Have you noticed that today’s most buzzed about companies don’t actually own any product? Amazon and Alibaba unite manufacturers; Uber provides transportation services, but doesn’t own a single car; Airbnb is a worldwide hotel brand that doesn’t own any of its offered apartments.
What unites all these companies? What is the secret to their success? The answer is a buzzing collocation you have definitely heard about: user experience. UX is highly valued by every individual, and something we are willing to pay for.
Automotive is one of the most rapidly developing industries, and the last few years have witnessed a growing and complex interaction between cars and brand new technologies:
At first glance, everything looks positive, but there is a “but.” With all the modern add-ons and techy features, the cost of a car is also skyrocketing. People don’t want to maintain this commodity any more, because in an era of such rapid technological development, it is much more reasonable to pay for a service. You know the feeling when you buy something and it gets outdated within a year? How can automakers begin to think like pioneer service providers like Spotify or Netflix, where a critical mass of people have already demonstrated that they prefer streaming content to buying it?
As Time points out, those principles are already emerging in the automotive market. Uber is flourishing because it offers a high quality sharing-economy-style way of commuting, often for less than the cost of owning a car, while Car2Go offers an affordable car rental service, where you pick up a car at the nearest parking lot, get to your destination, and leave the car right there.
However, a car is also about convenience and personal preference. It takes time to adjust your vehicle to your needs: seats, mirrors, favorite radio stations, right? Research of user needs may soon solve these issues instantly and without distracting a driver. UX should assure the highest possible safety and comfort. Here are four basic UX design principles to rely on while creating both enticing and functional auto interfaces.
1. Visibility of system status
A vehicle’s system should always stay in real-time touch with the driver, informing them about immediate inside and outside factors in a clear, distinctive way.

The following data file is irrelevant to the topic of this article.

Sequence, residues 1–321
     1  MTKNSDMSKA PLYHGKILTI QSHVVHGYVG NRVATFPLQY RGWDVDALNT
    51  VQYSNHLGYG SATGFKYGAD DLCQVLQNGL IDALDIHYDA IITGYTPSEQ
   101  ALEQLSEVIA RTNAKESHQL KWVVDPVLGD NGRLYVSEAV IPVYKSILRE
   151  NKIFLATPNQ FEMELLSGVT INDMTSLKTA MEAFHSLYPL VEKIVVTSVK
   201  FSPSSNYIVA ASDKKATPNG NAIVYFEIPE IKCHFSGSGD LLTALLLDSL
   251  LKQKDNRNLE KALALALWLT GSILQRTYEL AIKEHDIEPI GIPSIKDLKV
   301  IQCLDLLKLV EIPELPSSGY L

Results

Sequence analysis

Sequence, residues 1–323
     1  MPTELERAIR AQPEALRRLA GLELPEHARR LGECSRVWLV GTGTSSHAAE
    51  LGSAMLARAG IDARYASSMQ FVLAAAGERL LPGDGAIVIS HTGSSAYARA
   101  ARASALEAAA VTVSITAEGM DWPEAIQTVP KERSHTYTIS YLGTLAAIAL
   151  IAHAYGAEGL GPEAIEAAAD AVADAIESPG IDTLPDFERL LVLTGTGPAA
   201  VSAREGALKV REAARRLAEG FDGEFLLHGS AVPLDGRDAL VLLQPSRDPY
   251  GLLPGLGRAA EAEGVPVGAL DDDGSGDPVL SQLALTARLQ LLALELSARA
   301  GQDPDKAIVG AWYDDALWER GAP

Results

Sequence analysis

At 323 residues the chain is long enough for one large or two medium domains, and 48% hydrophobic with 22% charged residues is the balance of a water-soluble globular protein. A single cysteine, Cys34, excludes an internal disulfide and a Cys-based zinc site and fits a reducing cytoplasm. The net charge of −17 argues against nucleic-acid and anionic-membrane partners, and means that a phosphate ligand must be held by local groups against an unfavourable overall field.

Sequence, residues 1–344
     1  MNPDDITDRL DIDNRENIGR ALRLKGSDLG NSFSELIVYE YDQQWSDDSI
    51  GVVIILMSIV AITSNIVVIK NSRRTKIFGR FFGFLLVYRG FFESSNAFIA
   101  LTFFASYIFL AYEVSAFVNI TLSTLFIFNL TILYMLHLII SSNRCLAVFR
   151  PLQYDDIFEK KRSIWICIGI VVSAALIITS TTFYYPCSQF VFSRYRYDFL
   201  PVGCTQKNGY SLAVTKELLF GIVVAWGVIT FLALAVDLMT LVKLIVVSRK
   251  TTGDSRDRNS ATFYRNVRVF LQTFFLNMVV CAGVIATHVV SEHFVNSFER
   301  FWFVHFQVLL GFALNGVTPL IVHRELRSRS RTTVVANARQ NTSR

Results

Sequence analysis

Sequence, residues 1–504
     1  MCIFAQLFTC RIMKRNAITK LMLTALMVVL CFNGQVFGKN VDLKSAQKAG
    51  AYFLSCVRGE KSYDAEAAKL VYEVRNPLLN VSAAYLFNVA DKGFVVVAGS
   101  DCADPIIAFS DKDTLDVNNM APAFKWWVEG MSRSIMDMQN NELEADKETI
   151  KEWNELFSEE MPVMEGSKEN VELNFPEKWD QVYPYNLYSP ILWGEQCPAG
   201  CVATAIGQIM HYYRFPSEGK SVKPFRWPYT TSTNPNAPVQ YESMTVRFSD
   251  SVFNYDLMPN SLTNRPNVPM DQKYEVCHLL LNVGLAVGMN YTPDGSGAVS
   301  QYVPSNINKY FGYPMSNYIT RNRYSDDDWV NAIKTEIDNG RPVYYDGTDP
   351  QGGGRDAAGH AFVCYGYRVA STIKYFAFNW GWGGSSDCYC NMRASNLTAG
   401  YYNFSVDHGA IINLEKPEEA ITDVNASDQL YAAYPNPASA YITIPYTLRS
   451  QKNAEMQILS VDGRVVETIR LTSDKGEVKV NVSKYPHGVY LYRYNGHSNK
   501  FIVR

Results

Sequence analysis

2. Prevent errors in the first place
A user should know about all the possible problems that could occur. Make sure they can easily recognise, diagnose, and recover (if so) from errors. Notifications informing the driver about errors need to be delivered in an easy and understandable way, clearly stating the cause of the problem and offering a way to solve it.
To improve upon error notification, think about how the system could eradicate error-prone conditions without notifying the driver at all, or send them a request to confirm a specific action — including a warning about the consequences.
3. Recognition over recalling
Don’t confuse your user with a load of information—apply the less-talk-more-action principle. Relieve the verbalized burden by turning objects, actions, and options into visuals. It’s much easier for a user to recognize an icon, rather than recall a wordy instruction or name. If a button is in the form of an image, it’s much easier to sort out the function of this button as opposed to a word.
4. Design for interruptions
Save current settings for users and allow users to save them at will. When you are at the steering wheel, all your attention is focused on the road. So while you interact with the car interface, switching radio station or tuning climate control, your mind should be fully on the road, because someone may appear out of the blue from around the corner, and your mind will jump to the driving process. A designer’s task is to create an interface that doesn’t distract you from your main responsibility, but at the same time keeps everything crucial in your line of sight when you glance away from the road.
Modern technology brings an immense information flow, which may turn into “noise” with time. To avoid this, decide on priorities: filter the context and provide only the necessary information. For example, if a driver is outside a car, offer features like remotely starting the engine or switching on the lights to easily find the car in a parking lot. During the ride, such things as overspeeding notifications and upcoming meeting reminder, or route changes and technical failures, will be of greater help.